Skip to main content Accessibility help

The stimulatory effect of the organic sulfur supplement, mercaptopropane sulfonic acid on cellulolytic rumen microorganisms and microbial protein synthesis in cattle fed low sulfur roughages

  • C. S. McSweeney (a1), S. E. Denman (a1), L. L. Conlan (a1), C. S. Prasad (a2), S. Anandan (a2), M. Chandrasekharaiah (a2) and K. T. Sampath (a2)...


Two metabolism trials (experiments 1 and 2) were conducted to examine the effect of the organic S compound, sodium 3-mercapto-1-propane sulfonic acid (MPS) on feed intake, fiber digestibility, rumen fermentation and abundance of cellulolytic rumen microorganisms in cattle fed low S (<0.11%) roughages. Urea was provided in all treatments to compensate for the N deficiency (<0.6%) in the roughages. In experiment 1, steers (333 ± 9.5 kg liveweight) were fed Angleton grass (Dicanthium aristatum) supplemented with S in equivalent amounts as either MPS (6.0 g/day) or sodium sulfate (9.56 g/day). Supplementation of Angelton grass with either sulfate or MPS resulted in an apparent increase in flow of rumen microbial protein from the rumen. Sulfur supplementation did not significantly change whole tract dry matter digestibility or intake, even though sulfate and MPS supplementation was associated with an increase in the relative abundance of the fibrolytic bacteria Fibrobacter succinogenes and anaerobic rumen fungi. Ruminal sulfide levels were significantly higher in the sulfate treatment, which indicated that the bioavailability of the two S atoms in the MPS molecule may be low in the rumen. Based on this observation, experiment 2 was conducted in which twice the amount of S was provided in the form of MPS (8.0 g/day) compared with sodium sulfate (6.6 g/day) to heifers (275 ± 9 kg liveweight) fed rice straw. Supplementation with MPS compared with sulfate in experiment 2 resulted in an increase in concentration of total volatile fatty acids, and ammonia utilization without a change in feed intake or whole tract fiber digestibility even though S and N were above requirement for growing cattle in both these treatment groups. In conclusion, supplementation of an S deficient low-quality roughage diet with either MPS or sodium sulfate, in conjunction with urea N, improved rumen fermentation, which was reflected in an increase in urinary purine excretion. However, MPS appeared to have a greater effect on stimulating short-chain fatty acid production and ammonia utilization when provided at higher concentrations than sulfate. Thus, the metabolism of MPS in the rumen needs to be investigated further in comparison with inorganic forms of S as it may prove to be more effective in stimulating fermentation of roughage diets.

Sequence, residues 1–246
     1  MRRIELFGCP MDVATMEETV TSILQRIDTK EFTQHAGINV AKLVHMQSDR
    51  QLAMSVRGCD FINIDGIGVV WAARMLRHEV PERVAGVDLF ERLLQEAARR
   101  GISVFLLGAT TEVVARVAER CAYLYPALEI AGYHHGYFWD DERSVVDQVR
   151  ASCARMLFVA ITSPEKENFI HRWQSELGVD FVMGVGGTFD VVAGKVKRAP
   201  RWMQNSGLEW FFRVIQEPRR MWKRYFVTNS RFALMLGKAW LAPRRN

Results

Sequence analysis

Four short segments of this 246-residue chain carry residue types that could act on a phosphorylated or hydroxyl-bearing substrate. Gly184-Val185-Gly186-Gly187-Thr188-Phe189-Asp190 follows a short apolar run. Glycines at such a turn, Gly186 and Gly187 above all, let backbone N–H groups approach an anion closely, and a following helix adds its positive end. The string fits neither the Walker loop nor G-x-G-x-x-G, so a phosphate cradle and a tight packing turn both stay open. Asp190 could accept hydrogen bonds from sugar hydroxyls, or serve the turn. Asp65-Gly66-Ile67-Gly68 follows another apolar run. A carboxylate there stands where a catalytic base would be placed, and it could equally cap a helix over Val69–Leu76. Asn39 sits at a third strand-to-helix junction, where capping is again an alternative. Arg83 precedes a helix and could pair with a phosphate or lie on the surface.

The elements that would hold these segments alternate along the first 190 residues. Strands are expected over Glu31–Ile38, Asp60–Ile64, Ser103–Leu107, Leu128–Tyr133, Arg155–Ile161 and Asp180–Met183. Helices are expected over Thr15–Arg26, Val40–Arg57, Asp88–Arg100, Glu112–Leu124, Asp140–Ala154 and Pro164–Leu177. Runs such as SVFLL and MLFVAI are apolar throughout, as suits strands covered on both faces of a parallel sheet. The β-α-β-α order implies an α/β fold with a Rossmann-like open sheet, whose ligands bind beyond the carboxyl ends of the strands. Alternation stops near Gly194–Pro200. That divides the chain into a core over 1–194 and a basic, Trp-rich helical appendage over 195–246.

Corresponding author


Hide All
AOAC 1990. Official methods of analysis, 15th edition. Association of Official Analytical Chemists, Washington, DC, USA.
Australian Agricultural Council 1990. Feeding standards for Australian livestock: Ruminants. Australian Agricultural Council, Ruminants Subcommittee, CSIRO Publications, Melbourne, Australia.
Barnett, A, John, G, Reid, RL 1956. Studies on production of volatile fatty acids from grass by rumen liquor in an artificial rumen. Journal of Agricultural Science 48, 315321.
Bull, LS, Vandersall, JH 1973. Sulfur source for in vitro cellulose digestion and in vivo ration utilisation, nitrogen metabolism, and sulfur balance. Journal of Dairy Science 56, 106112.
Chaney, AL, Marbach, EP 1962. Modified reagents for determination of urea and ammonia. Clinical Chemistry 8, 130132.
Champredon, C, Pion, R, Basson, WD 1976. Comparison of the digestive utilization of methionine, of its hydroxylated analog, and of sodium sulfate in goats using 35S compounds. Comptes Rendus Hebdomadaires des Séances de l’Académie des Sciences, Série D: Sciences Naturelles 282, 743746.
Chen, XB, Gomes, MJ 1992. Estimation of microbial protein supply to sheep and cattle based on urinary excretion of purine derivatives – an overview of the technical details. International Feed Resources Unit, Rowett Research Institute, Aberdeen, UK. Occasional Publication.
Chen, XB, Hovell, FDDeB, Orskov, ER, Brown, DS 1990. Excretion of purine derivatives by ruminants: effect of exogenous nucleic acid supply on purine derivative excretion by sheep. British Journal of Nutrition 63, 131142.